It’s a Shit Job!
On one of my more significant birthdays, (I think it might have been the 30th), my wife Roza prepared a delicious family dinner and themed birthday party. I was having a great time, when the kids announced that they had collaborated on writing some Grammen (a Yiddish word for a humorous, often rhyming, limerick or song) about me that they wanted to perform. I don’t recall the song details, other than it being amusing, but I clearly remember it ended with words about them having to tell their friends that their dad sells diapers.
I remember feeling mortified, as I projected my personal, inferiority complex on to my kids and thought that they must feel ashamed, because I sold diapers.
The truth is, that I was, at times embarrassed at the thought of making a living and spending my time in the pee and poop business…
At a recent family Shiva, my wife’s uncle, tearfully, asked her to convey his undying appreciation to me.
His mother had been physically incapacitated for the better part of the previous three years. Since a stroke, the once proud and vibrant matriarch, had been sadly confined to a bed or chair, cruelly trapped with an active mind in an ailing body.
Since the stroke, my uncle and aunt, and indeed their entire family, had spent every single day, surrounding her with 24 hours a day and 7 days a week of loving care and undivided attention.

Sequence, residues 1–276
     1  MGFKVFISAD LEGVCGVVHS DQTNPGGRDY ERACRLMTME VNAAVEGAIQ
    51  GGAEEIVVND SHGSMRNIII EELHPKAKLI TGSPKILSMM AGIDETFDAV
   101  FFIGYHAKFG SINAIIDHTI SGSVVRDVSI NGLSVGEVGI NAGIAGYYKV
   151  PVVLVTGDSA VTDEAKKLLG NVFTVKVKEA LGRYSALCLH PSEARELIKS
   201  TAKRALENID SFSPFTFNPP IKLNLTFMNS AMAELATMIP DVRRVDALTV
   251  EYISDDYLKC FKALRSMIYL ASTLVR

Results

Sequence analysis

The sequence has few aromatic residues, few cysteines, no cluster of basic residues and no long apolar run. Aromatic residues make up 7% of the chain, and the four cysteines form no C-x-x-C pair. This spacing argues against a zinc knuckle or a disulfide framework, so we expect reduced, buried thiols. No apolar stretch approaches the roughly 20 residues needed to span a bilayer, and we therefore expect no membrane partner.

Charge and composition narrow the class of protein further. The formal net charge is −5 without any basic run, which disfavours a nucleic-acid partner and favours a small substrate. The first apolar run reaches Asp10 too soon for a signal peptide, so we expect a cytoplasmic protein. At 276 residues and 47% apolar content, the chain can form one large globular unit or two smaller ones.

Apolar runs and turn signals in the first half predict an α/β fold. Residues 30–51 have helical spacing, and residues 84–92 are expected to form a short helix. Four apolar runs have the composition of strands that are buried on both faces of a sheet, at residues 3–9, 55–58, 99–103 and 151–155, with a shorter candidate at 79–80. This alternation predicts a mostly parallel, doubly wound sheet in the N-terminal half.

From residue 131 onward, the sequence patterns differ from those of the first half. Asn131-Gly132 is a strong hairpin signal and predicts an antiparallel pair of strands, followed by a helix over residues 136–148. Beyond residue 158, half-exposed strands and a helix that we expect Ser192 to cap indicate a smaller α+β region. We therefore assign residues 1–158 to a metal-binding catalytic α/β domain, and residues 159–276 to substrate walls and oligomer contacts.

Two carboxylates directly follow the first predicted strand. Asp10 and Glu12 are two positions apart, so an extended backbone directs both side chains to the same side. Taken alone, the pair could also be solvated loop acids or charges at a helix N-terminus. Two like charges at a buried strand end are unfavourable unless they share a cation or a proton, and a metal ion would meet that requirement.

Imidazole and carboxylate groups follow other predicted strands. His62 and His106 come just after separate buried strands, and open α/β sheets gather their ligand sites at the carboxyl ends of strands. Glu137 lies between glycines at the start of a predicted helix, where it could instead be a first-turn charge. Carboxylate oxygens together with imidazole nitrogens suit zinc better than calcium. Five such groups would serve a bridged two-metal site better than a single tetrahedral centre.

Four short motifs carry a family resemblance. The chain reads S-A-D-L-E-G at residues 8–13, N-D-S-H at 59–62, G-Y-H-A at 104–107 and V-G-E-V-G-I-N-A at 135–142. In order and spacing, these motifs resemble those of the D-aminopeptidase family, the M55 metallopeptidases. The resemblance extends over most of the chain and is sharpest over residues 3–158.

He related to my wife, that early on, given my experience in working with the geriatric and chronically ill, I had apparently provided the family with some clarity and guidance regarding the optimal medical equipment and supplies that they would need for her care.
Apparently, when she was ultimately admitted to hospital, for what would sadly be her last time, the Doctor was astounded at the state of her skin. He commented that he had rarely, if ever, seen a person, at that age, who had been in such a sedentary state for so long, present with skin so supple.
Her uncle was convinced, that aside from the tender attention of her caregivers and family, much of the credit for her living so much longer, without infection and with healthy skin, was attributable to the brand of diapers that I had suggested they switch to, after the initial product that she had been discharged with from the nursing home, had left her with festering bed sores and painful excoriation.
Spending the better part of my career immersed in Post-Acute Skilled Nursing and Long-Term Care, I had always appreciated that disposable incontinence products, or absorbent hygiene products, as the industry now terms it, represented one of, if not, the highest profile spend category in a healthcare provider's cost of goods.
As such, I spent countless hours, delving into in all aspects of the supply chain, including sourcing the raw materials, partnering with manufacturers throughout the world, studying the features and benefits of each product type, as well as developing an expertise in the nuances of multi market segment distribution, along with the clinical benefits for the patients, their healthcare provider, and the ways in which these products are reimbursed by payors.
Many of my close friends are industry leaders who are proud bastions of high-quality absorbent hygiene. These often, unheralded professionals, fully respect the restoration of dignity that their product can provide, and the many, significant health benefits of correct product choice and use.
And so, now that it has hit so close to home, I no longer feel the stigma of having been a diaper dealer. I may have worked in the shit business, but it no longer feels that crappy!